<iframe width=”560″ height=”315″ src=”//www.youtube.com/embed/6bHSP9Ddw5w?start=40” frameborder=”0″ allowfullscreen></iframe>

This is the embedded video starting at 0:40 (and yes, that is me reverse driving an articulated 18 meter bus – sometimes, when I’m not busy ruling Nerdia or working as an IT consultant I walk out into the real world where I sometimes work as a bus driver and it is great fun! :)):

Error 404 when trying to password protect administrator folder in Joomla using Apache htaccess

When protecting the administrator folder in Joomla using Apache htaccess to increase the security of the website (which by the way is a good thing to do to prevent too interested individuals to peek where they shouldn’t), you might get an error 404 message when trying to access administrator and the expected password prompt never appears.

The cause can be that the server is configured to allow user defined error pages stored in for example the error folder. If some of the error files are missing the above mentioned problem can occur. Make sure you have the correct folder name and file names for your error files.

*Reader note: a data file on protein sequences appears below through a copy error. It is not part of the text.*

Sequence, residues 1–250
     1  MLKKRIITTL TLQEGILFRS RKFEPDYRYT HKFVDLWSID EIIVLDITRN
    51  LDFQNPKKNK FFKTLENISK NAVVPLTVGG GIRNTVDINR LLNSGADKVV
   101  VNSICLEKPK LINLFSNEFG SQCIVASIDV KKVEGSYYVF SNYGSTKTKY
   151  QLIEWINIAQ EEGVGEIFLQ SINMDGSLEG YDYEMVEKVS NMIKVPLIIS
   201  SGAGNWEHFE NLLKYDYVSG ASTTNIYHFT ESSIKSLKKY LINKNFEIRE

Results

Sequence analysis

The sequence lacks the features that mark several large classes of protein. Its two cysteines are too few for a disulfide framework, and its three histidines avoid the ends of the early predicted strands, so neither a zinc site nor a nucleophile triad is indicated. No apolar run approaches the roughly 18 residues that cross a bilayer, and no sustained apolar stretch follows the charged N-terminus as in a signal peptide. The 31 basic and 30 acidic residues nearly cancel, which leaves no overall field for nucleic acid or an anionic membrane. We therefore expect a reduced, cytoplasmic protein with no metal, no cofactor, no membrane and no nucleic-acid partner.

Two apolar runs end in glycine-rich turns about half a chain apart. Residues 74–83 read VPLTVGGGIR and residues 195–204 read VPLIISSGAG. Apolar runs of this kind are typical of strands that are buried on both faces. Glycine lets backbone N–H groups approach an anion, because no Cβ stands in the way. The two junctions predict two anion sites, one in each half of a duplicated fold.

This particular problem occured for me when I moved a Joomla site from one hosting provider to another and by mistake also replaced the error folder with the one from the old hosting provider which had a completely different file name structure for the error message files.

Ubuntu 12.04 hangs in different stages of the boot sequence

A server I am maintaining stopped during boot on the "Stopping userspace bootsplash" or "Configuring network interfaces". If Ctrl-Alt-Del was pressed the machine rebooted so it was not completely stuck. I tried booting in rescue mode and checked the /etc/network/interfaces syntax but no problem visible there.

The solution was quite simple. Boot in rescue mode and select package repair. After repairing my packages the machine was rebooted, then fsck was ran automatically (which took quite a while). After that the machine booted normally.